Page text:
Chemical reactions underpin the production of pretty much everything in our modern world. But, what is the driving force behind reactions? Why do some reactions occur over geological time scales whilst others are so fast that we need femtosecond-pulsed lasers to study them? Ultimately, what is going on at the atomic level? Discover the answers to such fundamental questions and more on this course in introductory physical chemistry.
Tracing its roots back to 1824, the University of Manchester is home to almost 40,000 students. The University has three Nobel laureates among its current staff – more than any other British university - and a total of 25 Nobel laureates have come from our past and present students and staff. We have three main goals: to undertake world-class research; to deliver an outstanding learning and student experience; and to be socially responsible.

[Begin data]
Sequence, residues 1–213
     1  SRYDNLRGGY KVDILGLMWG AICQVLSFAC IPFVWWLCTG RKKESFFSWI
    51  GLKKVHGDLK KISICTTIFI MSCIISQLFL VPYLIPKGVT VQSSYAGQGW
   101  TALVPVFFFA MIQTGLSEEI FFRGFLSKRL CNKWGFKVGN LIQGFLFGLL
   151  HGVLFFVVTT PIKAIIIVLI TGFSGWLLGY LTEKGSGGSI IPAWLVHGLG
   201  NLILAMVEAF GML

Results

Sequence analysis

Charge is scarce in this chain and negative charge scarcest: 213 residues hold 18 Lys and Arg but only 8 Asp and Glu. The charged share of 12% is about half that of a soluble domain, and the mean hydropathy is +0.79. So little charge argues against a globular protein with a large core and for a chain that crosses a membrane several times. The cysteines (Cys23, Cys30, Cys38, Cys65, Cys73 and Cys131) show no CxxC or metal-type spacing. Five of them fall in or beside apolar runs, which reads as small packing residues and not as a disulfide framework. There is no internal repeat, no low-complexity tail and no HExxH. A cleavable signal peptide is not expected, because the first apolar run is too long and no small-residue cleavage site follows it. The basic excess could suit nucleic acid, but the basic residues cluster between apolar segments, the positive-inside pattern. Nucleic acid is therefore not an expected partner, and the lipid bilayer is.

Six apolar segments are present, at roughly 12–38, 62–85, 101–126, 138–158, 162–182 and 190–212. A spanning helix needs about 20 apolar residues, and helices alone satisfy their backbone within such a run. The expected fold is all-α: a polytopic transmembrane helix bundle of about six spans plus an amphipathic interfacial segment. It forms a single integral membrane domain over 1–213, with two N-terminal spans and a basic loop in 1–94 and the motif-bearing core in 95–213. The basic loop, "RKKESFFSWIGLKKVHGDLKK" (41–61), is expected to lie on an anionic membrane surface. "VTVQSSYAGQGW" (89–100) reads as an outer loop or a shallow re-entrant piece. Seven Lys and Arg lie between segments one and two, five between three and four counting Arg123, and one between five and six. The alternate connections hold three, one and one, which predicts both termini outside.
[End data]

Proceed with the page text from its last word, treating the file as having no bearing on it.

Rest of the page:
- 5 stars77.97%
- 4 stars15.21%
- 3 stars4.59%
- 2 stars0.79%
- 1 star1.42%
I like this course very much as it talks clearly about the basic concept in this course. (Prerequisite: I have learned this course before, I just try to review all the info in this class.)
ipHere we get to know how it's like to be taught in world's leading Institutesd'sworldworld
The course is very useful and easy to understand for non-chemistry major student. Thank you
I found the course really useful , especially the practical sections at the end of every theoretical explanations.